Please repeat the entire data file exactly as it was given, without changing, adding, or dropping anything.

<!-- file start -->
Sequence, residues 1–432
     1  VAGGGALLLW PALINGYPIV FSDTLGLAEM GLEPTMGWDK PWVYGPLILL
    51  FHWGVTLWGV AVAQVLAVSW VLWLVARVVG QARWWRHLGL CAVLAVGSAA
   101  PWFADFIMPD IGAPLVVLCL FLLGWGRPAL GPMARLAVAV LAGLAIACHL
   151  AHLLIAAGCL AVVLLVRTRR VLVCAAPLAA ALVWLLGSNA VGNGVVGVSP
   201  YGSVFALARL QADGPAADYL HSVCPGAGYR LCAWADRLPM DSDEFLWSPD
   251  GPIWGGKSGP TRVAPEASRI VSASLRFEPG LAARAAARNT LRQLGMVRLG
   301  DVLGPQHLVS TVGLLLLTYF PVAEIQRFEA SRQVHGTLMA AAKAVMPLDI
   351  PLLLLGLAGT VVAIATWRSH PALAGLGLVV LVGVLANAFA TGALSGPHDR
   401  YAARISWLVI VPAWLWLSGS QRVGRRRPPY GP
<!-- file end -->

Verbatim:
Sequence, residues 1–432
     1  VAGGGALLLW PALINGYPIV FSDTLGLAEM GLEPTMGWDK PWVYGPLILL
    51  FHWGVTLWGV AVAQVLAVSW VLWLVARVVG QARWWRHLGL CAVLAVGSAA
   101  PWFADFIMPD IGAPLVVLCL FLLGWGRPAL GPMARLAVAV LAGLAIACHL
   151  AHLLIAAGCL AVVLLVRTRR VLVCAAPLAA ALVWLLGSNA VGNGVVGVSP
   201  YGSVFALARL QADGPAADYL HSVCPGAGYR LCAWADRLPM DSDEFLWSPD
   251  GPIWGGKSGP TRVAPEASRI VSASLRFEPG LAARAAARNT LRQLGMVRLG
   301  DVLGPQHLVS TVGLLLLTYF PVAEIQRFEA SRQVHGTLMA AAKAVMPLDI
   351  PLLLLGLAGT VVAIATWRSH PALAGLGLVV LVGVLANAFA TGALSGPHDR
   401  YAARISWLVI VPAWLWLSGS QRVGRRRPPY GP